Monday, January 28, 2019


It is with sadness that I report the death of Dolores Miller, of Florence SC. Along with our sorrow, however, is our love, gratitude, and admiration for a life well lived. I expect every Episcopalian in Florence would agree she was the mainstay of the church there. She will be greatly missed.

Before the schism, Miller was active for years in the life of the parish of St. John's, of Florence, and the diocese of South Carolina. At St. John's, she served as senior warden and vestryperson. Her goal was to do what she could to keep the parish and the diocese in the Episcopal Church; and on this she had to struggle against the rising tide sweeping the diocese out to sea. She remained undeterred. She refused to give in or to give up. In the wake of the Bishop Robinson controversy that greatly boosted the schismatic movement in the diocese, the church loyalists in the diocese formed the Episcopal Forum. Miller was right there as an early officer. At about the same time, in 2004, Bishop Salmon set up a diocesan "Reconciliation Commission" under the chairmanship of the Rev. Dow Sanderson. Miller was right there, as one of one of the twelve members of the committee. Unfortunately, that Commission failed. It was washed away in the rising tide of secession. Miller remained undeterred. In early 2012, when attorney Melinda Lucka brought together her coalition of 24 signatories to present their complaint against Bishop Lawrence to the Disciplinary Board for Bishops, Miller was there to sign her name. This presentment did in fact lead to the official charge that Lawrence had abandoned the communion.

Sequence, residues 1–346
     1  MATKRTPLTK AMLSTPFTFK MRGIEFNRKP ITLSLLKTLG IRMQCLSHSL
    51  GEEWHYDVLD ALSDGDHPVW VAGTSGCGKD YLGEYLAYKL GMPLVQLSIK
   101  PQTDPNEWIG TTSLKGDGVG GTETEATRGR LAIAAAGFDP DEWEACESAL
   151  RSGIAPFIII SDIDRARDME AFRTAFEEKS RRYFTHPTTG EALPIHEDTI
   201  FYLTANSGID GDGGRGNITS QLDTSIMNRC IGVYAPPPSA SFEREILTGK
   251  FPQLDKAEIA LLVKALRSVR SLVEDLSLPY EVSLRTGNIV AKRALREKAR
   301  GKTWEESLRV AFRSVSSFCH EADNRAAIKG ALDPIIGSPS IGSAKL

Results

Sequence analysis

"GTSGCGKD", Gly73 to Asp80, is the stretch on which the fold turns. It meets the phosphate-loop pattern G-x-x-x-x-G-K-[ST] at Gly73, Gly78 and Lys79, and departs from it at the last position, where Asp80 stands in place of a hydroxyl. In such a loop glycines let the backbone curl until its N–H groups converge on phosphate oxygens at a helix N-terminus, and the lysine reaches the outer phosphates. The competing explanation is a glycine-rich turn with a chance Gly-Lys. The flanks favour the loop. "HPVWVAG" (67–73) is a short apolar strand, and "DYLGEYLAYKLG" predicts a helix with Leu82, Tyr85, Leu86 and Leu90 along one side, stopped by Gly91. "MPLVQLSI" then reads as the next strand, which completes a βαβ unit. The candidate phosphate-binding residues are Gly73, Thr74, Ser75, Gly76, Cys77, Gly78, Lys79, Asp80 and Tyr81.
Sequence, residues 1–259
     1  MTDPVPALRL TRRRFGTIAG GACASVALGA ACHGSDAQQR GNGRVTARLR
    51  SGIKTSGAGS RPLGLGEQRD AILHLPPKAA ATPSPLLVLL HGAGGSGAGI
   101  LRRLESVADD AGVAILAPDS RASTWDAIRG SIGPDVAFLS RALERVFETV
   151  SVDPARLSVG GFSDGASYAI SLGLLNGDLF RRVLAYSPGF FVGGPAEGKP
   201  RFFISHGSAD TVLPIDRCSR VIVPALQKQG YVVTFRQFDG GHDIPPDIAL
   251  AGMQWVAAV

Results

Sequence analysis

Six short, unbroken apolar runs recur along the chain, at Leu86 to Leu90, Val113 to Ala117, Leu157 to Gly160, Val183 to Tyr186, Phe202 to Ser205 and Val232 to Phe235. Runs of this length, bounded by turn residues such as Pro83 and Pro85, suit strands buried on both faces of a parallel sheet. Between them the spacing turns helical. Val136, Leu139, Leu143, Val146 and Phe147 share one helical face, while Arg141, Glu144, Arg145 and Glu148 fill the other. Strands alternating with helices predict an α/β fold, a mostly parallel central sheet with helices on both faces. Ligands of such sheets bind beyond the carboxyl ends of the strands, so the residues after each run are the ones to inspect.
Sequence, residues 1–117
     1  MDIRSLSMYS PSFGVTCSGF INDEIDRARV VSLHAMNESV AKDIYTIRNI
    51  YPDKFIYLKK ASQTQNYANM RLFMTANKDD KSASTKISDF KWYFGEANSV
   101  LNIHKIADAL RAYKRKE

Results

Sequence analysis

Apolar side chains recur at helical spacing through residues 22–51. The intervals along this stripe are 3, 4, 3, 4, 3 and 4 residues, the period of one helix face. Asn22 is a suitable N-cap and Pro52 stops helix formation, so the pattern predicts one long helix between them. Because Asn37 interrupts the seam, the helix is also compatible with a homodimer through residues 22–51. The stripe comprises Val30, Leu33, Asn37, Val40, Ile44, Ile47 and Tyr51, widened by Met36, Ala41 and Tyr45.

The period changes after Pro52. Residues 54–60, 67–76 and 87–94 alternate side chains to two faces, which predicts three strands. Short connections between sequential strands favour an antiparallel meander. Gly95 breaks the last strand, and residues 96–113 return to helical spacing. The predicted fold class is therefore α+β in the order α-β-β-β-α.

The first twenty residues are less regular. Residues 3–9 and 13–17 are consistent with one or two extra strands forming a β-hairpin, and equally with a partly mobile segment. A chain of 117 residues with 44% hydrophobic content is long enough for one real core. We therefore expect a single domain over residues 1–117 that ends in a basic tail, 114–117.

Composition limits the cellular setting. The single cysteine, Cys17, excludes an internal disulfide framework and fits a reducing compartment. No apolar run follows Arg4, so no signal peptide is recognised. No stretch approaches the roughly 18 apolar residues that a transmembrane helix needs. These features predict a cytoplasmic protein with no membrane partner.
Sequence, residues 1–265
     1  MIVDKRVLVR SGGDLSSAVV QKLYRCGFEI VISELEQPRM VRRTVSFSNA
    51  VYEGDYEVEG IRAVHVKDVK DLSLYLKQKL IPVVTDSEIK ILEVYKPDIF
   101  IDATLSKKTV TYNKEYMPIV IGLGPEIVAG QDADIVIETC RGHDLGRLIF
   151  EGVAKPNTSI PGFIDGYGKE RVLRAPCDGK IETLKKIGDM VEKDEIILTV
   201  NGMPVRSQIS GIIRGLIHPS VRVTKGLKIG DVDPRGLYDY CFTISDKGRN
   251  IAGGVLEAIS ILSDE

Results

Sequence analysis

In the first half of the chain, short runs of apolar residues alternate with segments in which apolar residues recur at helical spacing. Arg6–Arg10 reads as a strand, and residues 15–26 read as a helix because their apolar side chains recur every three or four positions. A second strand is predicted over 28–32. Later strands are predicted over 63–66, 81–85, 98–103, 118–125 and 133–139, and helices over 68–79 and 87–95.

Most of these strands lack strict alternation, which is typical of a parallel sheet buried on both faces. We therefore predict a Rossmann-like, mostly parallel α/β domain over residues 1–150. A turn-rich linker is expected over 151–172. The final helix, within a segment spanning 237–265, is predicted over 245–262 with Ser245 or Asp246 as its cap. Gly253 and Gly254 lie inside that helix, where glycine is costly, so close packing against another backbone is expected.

Many people probably remember Miller best as the little white-haired lady who gave the "roasts" of the bishop in the annual diocesan conventions when she presented the official response to the bishop's address. Her sharp but good-natured ribbing of the bishop left everyone in stitches. Miller's absence in the convention session this year was noticeable.